As a drummer, I always notice how drummers approach the drums and how they tune (and often detune) their drums. As a former recording studio owner, I spend a lot of time setting the mics to the drum set for a good recording sound. I even spend more time setting up the drum set to sound great! In general, I notice that many musicians think anything will sound great when recorded in a studio and that the sound engineer can fix anything. For that reason, these people do not care about how their instrument sound in the room.

This is a very wrong mindset and approach when it comes to recording any instrument. Tuning the drums well and choosing the right materials even before you buy a drum set and cymbals is the right approach. Think about the sound you prefer that you hear on a CD of your favourite music or band. Then try to figure out why it sounds like that. Is it the tuning of the drums (YES!), is it the type of drum and cymbal, or is it all EQ and special microphones? In the studio but also on stage, it is a much better and easier approach to have your instrument sound as you like it and sound as you would imagine it, and have it sound great. Only then choose the right microphones for the job, and choose the best placement. Don’t just copy what you see on videos or the internet.

Just by moving the mic around the snare drum, I concluded that aiming the diaphragm at the side of the snare gives the best sound. You can imagine that it will capture the top and bottom of the snare in a balanced way. it also eliminates the high-pressure sound waves which you would get when aiming at the top and bottom heads. Another great way of capturing the drums is just by using two overheads that are in line with the snare and placed so that the snare is in the exact middle of the two overheads. Tip to remember: for balancing the tom, snare and cymbal sound levels with the overhead microphones, the rule of thumb is: closer (lower) placement is more cymbals and fewer toms, further (higher) away is fewer cymbals and more toms.
Coming back to the instrument… Choosing the right heads and setting them up corectly make your life a lot easier. Check the collar of the heads before you put them on. Sometimes because of a production error, the collar of the head is not straight. In that case, return the heads and ask for a replacement. if your heads have dents in them, get new ones because heads with dents will not tune properly. And if you created the dents, you are on your way to injuring yourself. Dents are created when you hold the stick too tight and bury the stick in the drumheads. This gives a lot of feedback from the stick to your hands which can result in injuries over time. The heads should be tensioned evenly around the drum. This means that the hoop must be placed and tightened evenly too. The hoop itself also has to be flat, so check these on a very flat surface like a glass or stone tabletop. If they wobble, you can try to straighten them by placing them on the edge of a workbench and pushing on the part that is hanging over the edge of the table.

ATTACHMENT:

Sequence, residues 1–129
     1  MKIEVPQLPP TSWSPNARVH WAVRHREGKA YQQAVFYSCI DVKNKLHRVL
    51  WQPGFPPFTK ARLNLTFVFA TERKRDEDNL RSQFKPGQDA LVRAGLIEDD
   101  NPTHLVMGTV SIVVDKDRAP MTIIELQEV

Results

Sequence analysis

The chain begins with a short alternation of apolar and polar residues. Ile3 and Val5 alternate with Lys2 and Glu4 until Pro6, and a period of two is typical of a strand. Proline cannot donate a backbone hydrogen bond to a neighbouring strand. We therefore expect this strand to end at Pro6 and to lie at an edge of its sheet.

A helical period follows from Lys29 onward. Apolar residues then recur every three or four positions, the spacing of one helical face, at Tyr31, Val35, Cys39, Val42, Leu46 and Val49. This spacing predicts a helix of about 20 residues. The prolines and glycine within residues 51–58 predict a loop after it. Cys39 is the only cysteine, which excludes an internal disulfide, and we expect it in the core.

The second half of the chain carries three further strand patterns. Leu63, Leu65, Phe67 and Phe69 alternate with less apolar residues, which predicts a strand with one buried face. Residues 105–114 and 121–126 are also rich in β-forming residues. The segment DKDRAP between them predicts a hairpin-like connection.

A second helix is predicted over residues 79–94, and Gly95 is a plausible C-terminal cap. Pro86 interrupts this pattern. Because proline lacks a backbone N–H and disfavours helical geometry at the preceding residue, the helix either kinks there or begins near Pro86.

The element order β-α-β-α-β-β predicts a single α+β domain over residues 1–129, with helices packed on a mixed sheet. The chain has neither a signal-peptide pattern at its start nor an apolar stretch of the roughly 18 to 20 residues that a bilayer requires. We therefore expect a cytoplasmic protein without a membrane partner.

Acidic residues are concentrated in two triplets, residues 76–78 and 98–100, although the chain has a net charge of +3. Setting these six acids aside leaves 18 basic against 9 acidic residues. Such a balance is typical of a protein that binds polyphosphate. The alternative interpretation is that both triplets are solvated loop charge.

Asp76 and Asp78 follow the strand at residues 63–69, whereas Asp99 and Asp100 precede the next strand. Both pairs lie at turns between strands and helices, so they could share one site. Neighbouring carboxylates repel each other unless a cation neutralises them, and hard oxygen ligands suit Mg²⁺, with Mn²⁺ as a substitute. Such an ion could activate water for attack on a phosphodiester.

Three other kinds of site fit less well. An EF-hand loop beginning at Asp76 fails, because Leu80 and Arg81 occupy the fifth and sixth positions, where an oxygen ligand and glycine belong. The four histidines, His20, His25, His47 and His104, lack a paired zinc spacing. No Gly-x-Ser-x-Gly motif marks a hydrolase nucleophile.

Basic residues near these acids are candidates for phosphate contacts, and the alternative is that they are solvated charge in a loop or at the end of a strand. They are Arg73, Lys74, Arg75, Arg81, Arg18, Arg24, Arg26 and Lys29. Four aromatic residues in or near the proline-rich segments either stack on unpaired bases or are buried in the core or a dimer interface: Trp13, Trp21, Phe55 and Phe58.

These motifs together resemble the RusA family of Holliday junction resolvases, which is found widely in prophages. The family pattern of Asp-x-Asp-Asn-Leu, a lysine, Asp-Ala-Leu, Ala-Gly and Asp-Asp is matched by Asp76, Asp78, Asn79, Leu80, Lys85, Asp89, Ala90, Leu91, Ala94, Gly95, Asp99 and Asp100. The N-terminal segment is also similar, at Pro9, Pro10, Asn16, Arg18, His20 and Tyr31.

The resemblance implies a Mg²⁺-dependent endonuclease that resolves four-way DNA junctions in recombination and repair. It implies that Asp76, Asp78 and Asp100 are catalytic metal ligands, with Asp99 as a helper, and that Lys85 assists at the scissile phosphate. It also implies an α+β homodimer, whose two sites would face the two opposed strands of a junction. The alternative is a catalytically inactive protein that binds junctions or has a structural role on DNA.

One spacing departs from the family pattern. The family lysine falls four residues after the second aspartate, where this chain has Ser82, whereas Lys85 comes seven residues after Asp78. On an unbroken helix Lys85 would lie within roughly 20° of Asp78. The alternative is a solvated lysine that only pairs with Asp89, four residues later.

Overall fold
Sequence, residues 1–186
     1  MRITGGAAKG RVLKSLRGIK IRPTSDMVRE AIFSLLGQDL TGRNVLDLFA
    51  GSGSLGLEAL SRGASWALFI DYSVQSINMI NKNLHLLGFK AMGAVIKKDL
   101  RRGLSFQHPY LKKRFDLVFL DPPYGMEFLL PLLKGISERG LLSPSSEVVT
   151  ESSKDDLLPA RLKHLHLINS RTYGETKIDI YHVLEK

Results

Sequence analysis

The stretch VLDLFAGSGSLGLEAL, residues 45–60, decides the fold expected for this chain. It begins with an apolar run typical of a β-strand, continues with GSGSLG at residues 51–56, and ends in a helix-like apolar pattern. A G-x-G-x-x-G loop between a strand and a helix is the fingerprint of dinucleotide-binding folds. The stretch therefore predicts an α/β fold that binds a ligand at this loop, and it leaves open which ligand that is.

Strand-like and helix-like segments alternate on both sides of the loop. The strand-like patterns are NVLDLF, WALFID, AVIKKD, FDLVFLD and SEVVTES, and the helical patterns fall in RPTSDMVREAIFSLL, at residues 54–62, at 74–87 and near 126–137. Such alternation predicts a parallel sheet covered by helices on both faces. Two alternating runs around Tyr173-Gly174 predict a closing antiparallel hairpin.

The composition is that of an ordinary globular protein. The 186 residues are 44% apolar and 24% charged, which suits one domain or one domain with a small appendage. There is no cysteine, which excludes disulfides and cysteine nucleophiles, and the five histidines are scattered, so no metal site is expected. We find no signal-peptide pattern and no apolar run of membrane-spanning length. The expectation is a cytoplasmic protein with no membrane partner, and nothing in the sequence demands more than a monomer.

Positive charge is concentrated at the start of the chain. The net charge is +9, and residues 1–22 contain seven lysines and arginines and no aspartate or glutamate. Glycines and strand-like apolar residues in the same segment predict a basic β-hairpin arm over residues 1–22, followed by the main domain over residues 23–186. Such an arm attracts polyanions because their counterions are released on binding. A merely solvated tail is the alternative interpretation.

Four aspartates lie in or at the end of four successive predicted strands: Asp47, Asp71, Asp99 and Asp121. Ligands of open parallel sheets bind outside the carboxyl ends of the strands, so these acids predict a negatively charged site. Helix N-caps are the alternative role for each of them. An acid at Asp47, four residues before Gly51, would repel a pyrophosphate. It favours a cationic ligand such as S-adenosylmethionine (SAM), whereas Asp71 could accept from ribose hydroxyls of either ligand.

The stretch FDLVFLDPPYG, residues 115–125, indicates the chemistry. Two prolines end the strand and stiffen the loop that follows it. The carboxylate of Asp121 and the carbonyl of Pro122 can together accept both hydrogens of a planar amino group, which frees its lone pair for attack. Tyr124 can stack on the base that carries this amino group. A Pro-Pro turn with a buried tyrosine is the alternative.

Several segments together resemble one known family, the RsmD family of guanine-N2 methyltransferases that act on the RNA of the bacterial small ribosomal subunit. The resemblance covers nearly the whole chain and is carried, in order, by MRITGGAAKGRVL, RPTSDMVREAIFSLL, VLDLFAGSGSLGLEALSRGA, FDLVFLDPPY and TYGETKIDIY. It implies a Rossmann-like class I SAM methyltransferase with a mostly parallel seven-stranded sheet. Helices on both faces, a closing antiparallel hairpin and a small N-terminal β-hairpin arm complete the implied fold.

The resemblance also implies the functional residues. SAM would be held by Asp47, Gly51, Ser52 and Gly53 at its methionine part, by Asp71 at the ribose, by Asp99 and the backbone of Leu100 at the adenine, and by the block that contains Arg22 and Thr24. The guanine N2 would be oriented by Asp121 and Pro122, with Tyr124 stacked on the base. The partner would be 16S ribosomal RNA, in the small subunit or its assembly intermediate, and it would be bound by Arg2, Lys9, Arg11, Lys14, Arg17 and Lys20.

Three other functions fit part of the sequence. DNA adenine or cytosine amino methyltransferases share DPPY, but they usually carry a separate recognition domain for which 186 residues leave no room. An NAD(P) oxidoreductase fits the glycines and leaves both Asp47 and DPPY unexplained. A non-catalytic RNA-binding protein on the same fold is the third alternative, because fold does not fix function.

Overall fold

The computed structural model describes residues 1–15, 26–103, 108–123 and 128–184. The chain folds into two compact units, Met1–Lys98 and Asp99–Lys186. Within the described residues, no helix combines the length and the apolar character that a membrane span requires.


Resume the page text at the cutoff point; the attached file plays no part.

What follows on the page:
Recently I found out that even high-end drum shells can be not perfect when they come new out of the box. So it is wise to check these as well by placing them on a flat surface. They should not wobble. If they do, send them to a drum technician near you and have them straightened and the bearing edges re-done. Use a thinner head for the bottom of the drum, and a thick(er) one for the top. In this way, you will get the difference in pitch between the two, even if you would count the number of turns you gave to the tension bolts from the start of putting them in place. This is also why floating drums simply work very well and are incredibly easy to tune. Drummers who like to tune their drums well, often want to tune the top head differently from their bottom heads and spend a lot of time tuning them.

This is great but because the technical side of making drums went from floating drums to drums with 10 or even 12 tuning lugs bolted to the shell, the tuning of them became a big obstacle for many drummers. The result of this was the elaborate and excessive dampening of the drums in the most horrific way like an entire duvet stuffed inside the bass drum. The drum set should sound open. The shells need to resonate, just like the body of an acoustic guitar. The tuning should determine the sound, not the dampening. After setting up the set in the correct way, you might decide that it needs some help to get the desired sound.

Start with the minimum damping by using some gel. Start with the smallest piece and only if absolutely needed, use more or a bigger one. Now you have the set sounding great, it does not need a whole array of EQ to either capture it for recording or sound massive and awesome over the PA system in the theatre. Heavily dampening the drum set and then heavily EQ-ing the microphones is like remedying the remedy!

Pascal Zrour

I started playing the drums at 12 years old during my first drum lesson. Since then I have learned to play the guitar, wrote songs and recorded a CD with the band STREAM in my recording studio. As of 2023, I have 44 years of drumming and 8 years of teaching experience.